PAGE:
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- Rob Stewart/Goal.com Looks at the Relegation Rivals: "Drop in standards: Why the likes of Blackburn, QPR & Bolton all deserve to be relegated from the Premier League
Mark Hughes described his side's defeat at West Bromwich Albion as 'an opportunity missed,' after the R's suffered a 1-0 reverse at The Hawthorns.
Graham Dorrans' 22nd-minute scorcher won it for the Baggies, meaning QPR spurned a golden chance to pull further clear of the Barclays Premier League drop-zone.
Speaking exclusively to www.qpr.co.uk, Hughes said: "It's an opportunity missed.
"We didn't really put enough pressure on West Brom in the first half and were a little bit off the pace, to be perfectly honest.
"We allowed them a little bit too much time and space, which enabled them to get their heads up and pick out passes around our box.
"We were a little bit slow to get out to the lad that scored the goal, even though it was a great strike from him.
"Everybody understands the importance of not conceding first when you are the away side, which makes it extremely difficult to get back into the game."
Hughes continued: "West Brom were suddenly happy to soak up pressure and hit us on the break in the second half.
"I thought we were better in the second half. We had more possession in their half and created chances, but we didn't really make the best of them.
"There were a number of opportunities where we needed a little more guile and presence.
"We might then have been able to pick the right pass and convert a chance.
"We probably had better chances in the first half. Bobby (Zamora) was one-on-one with the goalkeeper.
"All-in-all, it's a frustrating day. We were great on Wednesday (against Swansea), but we didn't hit that level today unfortunately." QPR
Dave McIntyre/West London Sport -Frustrated Hughes admits QPR were not good enough against West Brom
Graham Dorrans hit the winner for Albion with a fine strike but was afforded plenty of time and space to try his luck.
It was all a far cry from Wednesday’s great win over Swansea and leaves Rangers relying on their home form to keep them in the top flight.
“In the first half we didn’t put enough pressure on West Brom – possibly as a consequence of our efforts in midweek,” said Hughes.
“We gave them too much time and space and were a little bit slow getting out to the lad when he scored the goal.
“Everyone understands the importance of not conceding when you’re the away side. You need to do the fundamentals and disappoint the crowd.
“But we probably gave them too much encouragement. They probably enjoyed themselves in the first half.
“What we produced wasn’t good enough. West Brom were able to win the game and we didn’t push them well enough.
“In the second half we were better and had more possession, but we didn’t make the most of the situations we created.”
Victories in their two remaining home matches, against Tottenham and Stoke, could well be enough to keep Rangers up.
But Hughes warned: “We can’t just wait and think our home form will be enough. We need to and talked about improving our away form and today was an opportunity to pick up points.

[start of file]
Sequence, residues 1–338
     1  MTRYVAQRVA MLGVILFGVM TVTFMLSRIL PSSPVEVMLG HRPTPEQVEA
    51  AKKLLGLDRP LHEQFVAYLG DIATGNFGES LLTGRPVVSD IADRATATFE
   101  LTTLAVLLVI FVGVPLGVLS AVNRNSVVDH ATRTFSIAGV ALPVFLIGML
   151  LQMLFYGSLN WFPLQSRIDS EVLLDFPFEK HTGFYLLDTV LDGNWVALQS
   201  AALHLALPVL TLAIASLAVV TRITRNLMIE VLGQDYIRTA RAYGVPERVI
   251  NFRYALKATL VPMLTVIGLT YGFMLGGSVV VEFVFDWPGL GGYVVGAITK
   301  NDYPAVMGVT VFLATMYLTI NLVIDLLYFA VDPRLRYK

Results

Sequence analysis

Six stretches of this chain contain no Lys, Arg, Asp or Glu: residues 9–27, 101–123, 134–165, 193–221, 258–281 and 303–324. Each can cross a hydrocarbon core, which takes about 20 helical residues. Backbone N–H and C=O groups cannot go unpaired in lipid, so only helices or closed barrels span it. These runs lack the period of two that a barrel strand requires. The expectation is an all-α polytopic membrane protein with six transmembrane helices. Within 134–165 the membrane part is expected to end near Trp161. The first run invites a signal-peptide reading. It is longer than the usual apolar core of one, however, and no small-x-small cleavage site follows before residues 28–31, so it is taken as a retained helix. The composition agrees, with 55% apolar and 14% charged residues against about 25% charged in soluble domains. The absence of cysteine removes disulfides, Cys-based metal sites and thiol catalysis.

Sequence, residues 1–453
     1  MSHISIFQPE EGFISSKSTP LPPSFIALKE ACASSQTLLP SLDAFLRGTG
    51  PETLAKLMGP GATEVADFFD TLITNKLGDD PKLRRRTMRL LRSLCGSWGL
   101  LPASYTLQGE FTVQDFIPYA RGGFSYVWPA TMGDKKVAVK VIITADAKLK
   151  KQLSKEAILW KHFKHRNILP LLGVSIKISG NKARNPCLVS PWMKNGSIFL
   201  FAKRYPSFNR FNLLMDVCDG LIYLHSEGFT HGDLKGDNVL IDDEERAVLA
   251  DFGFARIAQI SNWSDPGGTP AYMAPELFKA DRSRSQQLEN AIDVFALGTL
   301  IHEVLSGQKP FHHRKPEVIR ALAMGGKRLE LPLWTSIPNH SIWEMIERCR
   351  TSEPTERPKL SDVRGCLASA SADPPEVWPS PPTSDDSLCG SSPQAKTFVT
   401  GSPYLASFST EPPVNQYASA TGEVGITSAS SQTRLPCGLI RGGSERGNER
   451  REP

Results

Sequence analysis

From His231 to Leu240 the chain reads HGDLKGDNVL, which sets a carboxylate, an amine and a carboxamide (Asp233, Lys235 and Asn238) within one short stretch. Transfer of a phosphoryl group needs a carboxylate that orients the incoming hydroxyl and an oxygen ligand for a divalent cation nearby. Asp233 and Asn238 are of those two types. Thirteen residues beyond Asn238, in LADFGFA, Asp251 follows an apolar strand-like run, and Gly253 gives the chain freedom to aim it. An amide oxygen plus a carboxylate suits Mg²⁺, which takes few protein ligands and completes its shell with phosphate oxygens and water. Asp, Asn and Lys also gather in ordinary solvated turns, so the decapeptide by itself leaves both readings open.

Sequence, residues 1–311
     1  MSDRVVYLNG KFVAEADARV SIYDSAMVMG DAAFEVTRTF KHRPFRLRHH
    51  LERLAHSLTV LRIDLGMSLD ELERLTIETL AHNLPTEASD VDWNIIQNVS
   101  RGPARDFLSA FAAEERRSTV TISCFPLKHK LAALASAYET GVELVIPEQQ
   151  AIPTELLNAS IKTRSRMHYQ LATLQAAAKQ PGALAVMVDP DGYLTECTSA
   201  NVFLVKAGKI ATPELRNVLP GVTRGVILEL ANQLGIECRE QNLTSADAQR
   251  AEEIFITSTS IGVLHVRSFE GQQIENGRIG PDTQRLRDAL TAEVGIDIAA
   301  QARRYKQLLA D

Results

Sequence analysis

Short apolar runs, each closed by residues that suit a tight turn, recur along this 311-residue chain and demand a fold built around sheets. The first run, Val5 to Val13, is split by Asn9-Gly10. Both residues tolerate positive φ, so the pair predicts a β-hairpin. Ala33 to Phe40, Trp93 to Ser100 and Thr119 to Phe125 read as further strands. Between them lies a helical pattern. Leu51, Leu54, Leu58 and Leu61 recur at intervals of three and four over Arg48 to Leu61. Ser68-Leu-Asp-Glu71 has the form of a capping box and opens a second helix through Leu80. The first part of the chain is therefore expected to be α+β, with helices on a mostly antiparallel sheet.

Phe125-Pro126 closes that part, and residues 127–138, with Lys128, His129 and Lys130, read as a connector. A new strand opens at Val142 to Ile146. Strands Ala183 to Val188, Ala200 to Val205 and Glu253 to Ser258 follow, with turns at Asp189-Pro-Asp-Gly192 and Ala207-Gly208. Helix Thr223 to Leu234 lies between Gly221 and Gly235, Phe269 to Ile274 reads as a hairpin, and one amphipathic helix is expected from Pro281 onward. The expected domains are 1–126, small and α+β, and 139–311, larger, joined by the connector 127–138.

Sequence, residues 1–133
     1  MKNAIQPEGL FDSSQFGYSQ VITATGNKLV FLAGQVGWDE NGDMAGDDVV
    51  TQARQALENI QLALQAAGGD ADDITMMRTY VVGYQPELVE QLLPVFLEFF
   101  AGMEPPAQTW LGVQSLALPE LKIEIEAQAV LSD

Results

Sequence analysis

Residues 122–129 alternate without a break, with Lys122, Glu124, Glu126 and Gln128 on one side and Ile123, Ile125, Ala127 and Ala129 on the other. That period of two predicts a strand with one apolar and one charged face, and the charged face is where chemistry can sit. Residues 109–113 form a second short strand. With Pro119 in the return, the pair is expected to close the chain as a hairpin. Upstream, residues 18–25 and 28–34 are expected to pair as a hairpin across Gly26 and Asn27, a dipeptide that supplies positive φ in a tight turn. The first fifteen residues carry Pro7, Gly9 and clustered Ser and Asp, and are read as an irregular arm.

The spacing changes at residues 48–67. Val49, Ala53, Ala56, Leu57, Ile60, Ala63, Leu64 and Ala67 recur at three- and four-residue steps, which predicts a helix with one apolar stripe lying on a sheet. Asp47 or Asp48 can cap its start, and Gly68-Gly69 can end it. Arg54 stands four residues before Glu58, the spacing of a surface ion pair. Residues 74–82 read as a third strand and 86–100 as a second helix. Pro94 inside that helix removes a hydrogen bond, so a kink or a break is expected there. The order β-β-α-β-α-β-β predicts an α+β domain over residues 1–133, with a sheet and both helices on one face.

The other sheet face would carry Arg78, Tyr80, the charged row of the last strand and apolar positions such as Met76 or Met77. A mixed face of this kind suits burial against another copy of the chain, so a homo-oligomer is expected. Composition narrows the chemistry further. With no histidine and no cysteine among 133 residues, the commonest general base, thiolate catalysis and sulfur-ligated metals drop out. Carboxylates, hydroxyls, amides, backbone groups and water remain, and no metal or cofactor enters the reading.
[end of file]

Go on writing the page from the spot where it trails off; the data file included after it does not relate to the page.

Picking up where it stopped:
GUARDIAN's RICHARD RAE: West Bromwich's Graham Dorrans leaves Queens Park Rangers on ropes
Having admitted beforehand that Rangers regarded this game as an opportunity, Hughes was understandably disappointed with his players' inability to raise their game to the level they achieved in beating Swansea City in midweek.
"It was a marked contrast to the way we played on Wednesday and that's the frustration," the Welshman said. "We were off the pace, especially in the first half, and although we were better in the second, West Brom were quite happy to sit back and hit us on the break. We can't just wait and hope our home form will be enough. What we produced out there wasn't good enough and we will have to address that."
Rangers' two remaining home games are against Tottenham Hotspur and Stoke City, and the latter may be the key fixture in their season. Especially if the Potters, long since safe, are as committed and determined to gain a result as Albion were here, much to Roy Hodgson's pleasure.
"We played some very good football in the first half, lost our way in the second when there looked to be an element of fatigue, but we showed grit and determination to keep them at bay," said the West Brom manager. "This was a game when the players could have been forgiven for not putting that last real lung‑bursting effort to make a block, but they did so and that speaks volumes."
Rangers could, and perhaps should, have taken the lead in the third minute, when Craig Dawson failed to clear and Bobby Zamora shrugged off Gareth McAuley but could not beat Ben Foster as the Albion goalkeeper came out to narrow the angle. Foster's smart reaction must have further impressed Hughes, who is reported to be as keen to sign Foster as Albion themselves when his loan to the Baggies from Birmingham expires.
Otherwise the home team dominated the first half‑hour, in terms of possession at least, and Graham Dorrans made the pressure count with a superb 25-yard drive that gave Paddy Kenny no chance. The Rangers goalkeeper cannot have been impressed with the failure to close Dorrans down, and neither was Hughes.
Rangers should have been level at the break. Zamora did well to get his head to a Joey Barton cross, only to see his effort bounce just the wrong side of the post, and although Foster blocked another Zamora shot soon afterwards the goalkeeper was wrong-footed when Jamie Mackie shot wide later.